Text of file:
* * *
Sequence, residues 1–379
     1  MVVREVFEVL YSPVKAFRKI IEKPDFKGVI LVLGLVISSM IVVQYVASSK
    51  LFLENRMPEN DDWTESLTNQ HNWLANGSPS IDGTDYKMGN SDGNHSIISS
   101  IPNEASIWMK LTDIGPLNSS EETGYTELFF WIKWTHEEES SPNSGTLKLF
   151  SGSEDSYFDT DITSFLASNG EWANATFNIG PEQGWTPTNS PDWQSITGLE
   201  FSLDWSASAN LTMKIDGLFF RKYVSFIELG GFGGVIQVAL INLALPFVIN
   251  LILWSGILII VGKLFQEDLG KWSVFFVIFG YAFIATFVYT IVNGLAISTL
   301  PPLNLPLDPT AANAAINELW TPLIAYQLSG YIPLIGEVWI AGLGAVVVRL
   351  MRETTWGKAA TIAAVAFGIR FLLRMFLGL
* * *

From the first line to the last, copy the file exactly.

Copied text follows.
Sequence, residues 1–379
     1  MVVREVFEVL YSPVKAFRKI IEKPDFKGVI LVLGLVISSM IVVQYVASSK
    51  LFLENRMPEN DDWTESLTNQ HNWLANGSPS IDGTDYKMGN SDGNHSIISS
   101  IPNEASIWMK LTDIGPLNSS EETGYTELFF WIKWTHEEES SPNSGTLKLF
   151  SGSEDSYFDT DITSFLASNG EWANATFNIG PEQGWTPTNS PDWQSITGLE
   201  FSLDWSASAN LTMKIDGLFF RKYVSFIELG GFGGVIQVAL INLALPFVIN
   251  LILWSGILII VGKLFQEDLG KWSVFFVIFG YAFIATFVYT IVNGLAISTL
   301  PPLNLPLDPT AANAAINELW TPLIAYQLSG YIPLIGEVWI AGLGAVVVRL
   351  MRETTWGKAA TIAAVAFGIR FLLRMFLGL